|Volume 18 Number 2 February 2016||
Ernest S. Underwood
Joshua called upon the people to “Choose you this day…” There are some good biblical examples of men and women who were faced with choices who made the right ones.
Moses “came to years” in Egypt. The writer of Hebrews tells us that Moses chose to forsake all that Egypt was to him, and he chose to serve with the people of God rather than to enjoy the pleasures of sin for a season. Joshua, in his farewell address, and after calling on the people to make their choices, stated, “As for me and my house, we will serve the Lord.” David had a choice to make. He, like Moses and Joshua, made the right one. In Psalm 119:30 he said, “I have chosen the way of truth; Your judgments I have laid before me.”
Mary, the sister of Lazarus, made the right choice, and Jesus stated that this would not be taken away from her. In Luke 10:38-42 we read, “Now it happened as they went that He entered a certain village; and a certain woman named Martha welcomed Him into her house. And she had a sister called Mary, who also sat at Jesus’ feet and heard His word. When Martha complained, Jesus said to her, ‘Martha, Martha, you are worried and troubled about many things. But one thing is needed, and Mary has chosen that good part, which will not be taken away from her.’”
What choices are you making? Will they get you to heaven?
Adam B. Cozort
Within the confines of Judges 9 is one of the most imaginative fables told by man. It reminds one of Aesop’s Fables in its vivid depictions and moral lessons. It is a wonderful example of the diversity of the Scriptures and their ability to connect with man on many different levels and through many different styles. It is the fable of Jotham, but before considering the fable, understand the background of it.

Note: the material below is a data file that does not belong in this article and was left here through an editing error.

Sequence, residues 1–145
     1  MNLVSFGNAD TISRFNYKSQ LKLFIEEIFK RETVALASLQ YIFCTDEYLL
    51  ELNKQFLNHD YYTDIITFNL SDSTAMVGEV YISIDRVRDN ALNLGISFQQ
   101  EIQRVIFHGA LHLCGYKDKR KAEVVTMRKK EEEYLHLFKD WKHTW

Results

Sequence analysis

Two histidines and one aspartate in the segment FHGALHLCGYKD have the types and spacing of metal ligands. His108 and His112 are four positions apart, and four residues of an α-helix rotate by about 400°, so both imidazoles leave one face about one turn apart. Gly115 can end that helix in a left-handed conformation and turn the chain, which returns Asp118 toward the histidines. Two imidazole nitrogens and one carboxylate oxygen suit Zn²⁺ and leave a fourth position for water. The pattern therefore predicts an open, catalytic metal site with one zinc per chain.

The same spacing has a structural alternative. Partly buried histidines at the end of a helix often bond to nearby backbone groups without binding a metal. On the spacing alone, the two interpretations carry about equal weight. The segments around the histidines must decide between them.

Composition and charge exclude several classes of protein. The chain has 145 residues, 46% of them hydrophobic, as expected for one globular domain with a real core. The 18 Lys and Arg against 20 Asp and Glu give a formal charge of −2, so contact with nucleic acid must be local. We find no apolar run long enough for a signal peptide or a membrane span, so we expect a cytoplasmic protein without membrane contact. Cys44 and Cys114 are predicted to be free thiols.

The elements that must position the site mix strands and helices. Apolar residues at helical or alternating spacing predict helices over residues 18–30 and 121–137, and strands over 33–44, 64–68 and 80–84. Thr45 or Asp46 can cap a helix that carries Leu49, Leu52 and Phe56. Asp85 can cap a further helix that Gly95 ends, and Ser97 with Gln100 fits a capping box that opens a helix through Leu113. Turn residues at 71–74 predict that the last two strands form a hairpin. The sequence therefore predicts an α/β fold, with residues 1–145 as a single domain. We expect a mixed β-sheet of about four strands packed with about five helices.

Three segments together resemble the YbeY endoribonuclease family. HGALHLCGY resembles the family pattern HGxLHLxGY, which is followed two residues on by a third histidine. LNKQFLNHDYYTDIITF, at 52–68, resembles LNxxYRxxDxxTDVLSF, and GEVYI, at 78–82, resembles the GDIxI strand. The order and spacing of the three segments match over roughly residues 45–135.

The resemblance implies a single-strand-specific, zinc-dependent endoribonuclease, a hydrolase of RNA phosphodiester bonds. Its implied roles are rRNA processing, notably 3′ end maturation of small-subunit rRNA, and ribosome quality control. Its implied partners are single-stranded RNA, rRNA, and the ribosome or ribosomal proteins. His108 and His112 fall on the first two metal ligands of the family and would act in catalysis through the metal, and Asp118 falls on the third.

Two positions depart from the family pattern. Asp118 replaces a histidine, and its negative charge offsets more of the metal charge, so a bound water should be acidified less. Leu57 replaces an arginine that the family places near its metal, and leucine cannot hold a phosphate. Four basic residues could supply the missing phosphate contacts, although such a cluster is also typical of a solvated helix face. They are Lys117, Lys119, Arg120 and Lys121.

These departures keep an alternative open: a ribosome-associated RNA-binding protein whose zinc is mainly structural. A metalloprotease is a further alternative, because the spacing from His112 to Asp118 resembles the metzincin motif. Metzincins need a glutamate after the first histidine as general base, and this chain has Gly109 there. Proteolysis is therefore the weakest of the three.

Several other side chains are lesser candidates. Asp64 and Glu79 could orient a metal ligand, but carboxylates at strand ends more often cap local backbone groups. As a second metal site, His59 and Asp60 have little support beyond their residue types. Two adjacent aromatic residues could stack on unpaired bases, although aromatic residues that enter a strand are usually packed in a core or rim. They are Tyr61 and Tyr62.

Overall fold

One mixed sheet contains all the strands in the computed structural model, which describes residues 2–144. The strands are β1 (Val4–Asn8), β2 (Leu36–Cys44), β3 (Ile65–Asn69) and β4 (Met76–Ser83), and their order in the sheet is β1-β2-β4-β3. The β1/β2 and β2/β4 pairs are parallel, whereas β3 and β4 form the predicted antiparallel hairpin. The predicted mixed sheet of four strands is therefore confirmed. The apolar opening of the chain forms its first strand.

Abimelech, the son of the great judge Gideon, sought to be the King of Shechem. When approached with the possibility, the men of Shechem were more than willing to provide him with the arrogantly desired crown (Judges 9:3-4). To secure his throne, Abimelech went and killed all 70 of his brothers, with the exception of Jotham who hid during the slaughter (vs. 5).
When Abimelech formally became king, Jotham went to Mount Gerizim on the outskirts of Shechem and cried out to the men of Shechem:
Hearken unto me, ye men of Shechem, that God may hearken unto you. The trees went forth on a time to anoint a king over them; and they said unto the olive tree, Reign thou over us. But the olive tree said unto them, Should I leave my fatness, wherewith by me they honour God and man, and go to be promoted over the trees? And the trees said to the fig tree, Come thou, and reign over us. But the fig tree said unto them, Should I forsake my sweetness, and my good fruit, and go to be promoted over the trees? Then said the trees unto the vine, Come thou, and reign over us. And the vine said unto them, Should I leave my wine, which cheereth God and man, and go to be promoted over the trees? Then said all the trees unto the bramble, Come thou, and reign over us. And the bramble said unto the trees, If in truth ye anoint me king over you, then come and put your trust in my shadow: and if not, let fire come out of the bramble, and devour the cedars of Lebanon. (Vs. 7-15)
The moral of the lesson is that sometimes the one who desires the position of power the most is the one who is least fit to hold it, and he will destroy even the mightiest of his opponents. Jotham would then convict the men of Shechem of their betrayal of his father, Gideon, and all for which he stood (vs. 16-20). He, then, fled the region while Abimelech reigned over the people of Shechem.
The fable of Jotham is an excellent illustration that needs to be remembered in our society today and taught to our children. Many still have not learned the lessons of Jotham’s Fable. Yet, it must be remembered, because there are many brambles ready and willing to destroy a willing people.